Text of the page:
Once you got the delivery system down- breast-feeding or baby formula-the more important dilemma for new Mothers has been when and how often feeding should occur: self demand vs rigid scheduled feedings.
For mid-century Moms the choice was a clear one.
A Mid-Century Visit to The Nursery
I was still fast asleep in the nursery the afternoon both my grandmothers came to visit me in the hospital after I was born. My napping Mom, Betty, opened her eyes and blurrily stared at the imposing matriarchal figures squeezed in the two visiting chairs in her room.
Clutching her paper visitors pass in one hand and an assortment of shopping bags in the other, my mortified grandmother, Nana Sadie checked her watch, saw it was way past my scheduled 3:00 feeding and went marching down the tiled antiseptic corridor in panicked pursuit of the nurse.
My grandmother, like most of her generation, believed baby had to be fed by the clock.
Just as trains run on the clock, so did scheduled eating’s. Both my grandmothers were from the old school of rigid scheduled feedings with its hard and fast rules on quantities and times of eating, which were to be followed to the letter if baby was to survive in the modern industrial world. As soon as baby was born he was punching a time clock.
As a young mother, my grandmother had been so intimidated by the sanctity of strict schedule ling that she did not dare feed a hungry baby Betty one minute early for fear the baby would be spoiled if she were fed when she was actually hungry. Sadie would sit and bite her nails waiting for the clock to say it was feeding time.
If baby Betty demanded food at her off hours, she, in unison with the rest of “The Greatest Generation”, had to cry it out.
Coddling a Cold War Baby
By the time I was born in the flush of prosperous 1955 post-war America, the motto was more of everything you want and that applied to baby’s meals as well. In this freedom-loving land of ours, permissiveness was sweeping the nation.
Why wait? You can have it all, right now.
Like so many mothers, Mom clutched onto the reassurance of Dr Spock’s book like a pacifier.
His free and easy world of affection and flexibility stood in sharp contrast to the once revered behaviorist Dr Watson the reigning expert for 30 years. The swami of scheduling and self-control now seemed like a ruthless dictator with its totalitarian web of shackles and controls creating parents who held an iron grip of control over their children.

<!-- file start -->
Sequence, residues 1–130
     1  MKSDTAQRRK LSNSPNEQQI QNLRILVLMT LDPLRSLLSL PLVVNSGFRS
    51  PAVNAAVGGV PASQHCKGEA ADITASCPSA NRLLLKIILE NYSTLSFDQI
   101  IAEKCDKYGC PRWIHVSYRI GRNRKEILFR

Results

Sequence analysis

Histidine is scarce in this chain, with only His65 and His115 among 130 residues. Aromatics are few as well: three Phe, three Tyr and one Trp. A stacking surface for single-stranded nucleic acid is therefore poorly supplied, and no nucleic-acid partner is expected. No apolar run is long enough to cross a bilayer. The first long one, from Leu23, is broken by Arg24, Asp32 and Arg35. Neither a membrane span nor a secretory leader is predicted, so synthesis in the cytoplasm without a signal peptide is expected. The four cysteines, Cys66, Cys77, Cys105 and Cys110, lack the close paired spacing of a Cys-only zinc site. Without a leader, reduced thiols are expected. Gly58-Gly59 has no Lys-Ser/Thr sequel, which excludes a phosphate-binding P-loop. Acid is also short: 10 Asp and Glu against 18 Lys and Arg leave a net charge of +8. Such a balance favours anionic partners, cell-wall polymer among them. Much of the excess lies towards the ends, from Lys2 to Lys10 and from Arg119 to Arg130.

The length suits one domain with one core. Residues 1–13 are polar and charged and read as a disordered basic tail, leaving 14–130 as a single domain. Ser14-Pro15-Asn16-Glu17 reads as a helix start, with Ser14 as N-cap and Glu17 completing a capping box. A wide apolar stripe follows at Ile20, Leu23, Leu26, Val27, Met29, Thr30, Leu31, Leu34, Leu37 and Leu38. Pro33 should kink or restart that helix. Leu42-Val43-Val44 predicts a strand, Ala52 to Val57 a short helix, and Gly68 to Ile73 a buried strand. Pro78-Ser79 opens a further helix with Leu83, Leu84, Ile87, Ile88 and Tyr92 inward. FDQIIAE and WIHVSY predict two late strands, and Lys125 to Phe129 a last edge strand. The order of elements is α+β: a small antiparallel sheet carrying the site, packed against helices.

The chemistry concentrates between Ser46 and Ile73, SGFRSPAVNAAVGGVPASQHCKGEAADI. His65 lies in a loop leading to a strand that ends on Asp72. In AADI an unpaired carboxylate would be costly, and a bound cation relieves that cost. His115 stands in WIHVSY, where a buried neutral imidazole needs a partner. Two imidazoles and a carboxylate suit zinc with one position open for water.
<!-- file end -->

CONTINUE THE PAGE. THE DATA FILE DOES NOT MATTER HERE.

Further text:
Today’s Mothers had to be flexible and adjust to babies’ needs and happiness. After all, we weren’t living behind an Iron Curtain where mothers were forced to work in dark factories and children were raised by the state.
“Your baby, modern mothers were reassured, “ can be so much happier than yesterdays babies No longer are mothers told to let baby cry it out for hours; to turn thumbs down on all thumb-sucking, like in their mother’s day. Today, babies are less frustrated and happier as a rule.”
It was now believed better for “…a baby to be fed according to his own rhythmic demands for food, we must respect this schedule as set by baby and feed him only when he wants to be fed.” Babies’ doctor tells us not to wheedle or force…baby’s tummy knows best! Besides which, mothers were told that feeding on demand was fun and amusing- enjoyable to both baby and especially mom.
American Moms had to be at her baby’s disposal 24/7 or risked trouble.
Danger now lurked in ignoring your babies every whim; in not being too attentive, cuddly, feeding her whenever she wanted, whatever she wanted…..or run the risk of producing a scrawny, nervous wreck.
There would be no crying it out for this baby….Mom was at this baby boomers beck and call.
Copyright (©) 20012 Sally Edelstein All Rights Reserved Excerpt From Defrosting The Cold War:Fallout From My Nuclear Family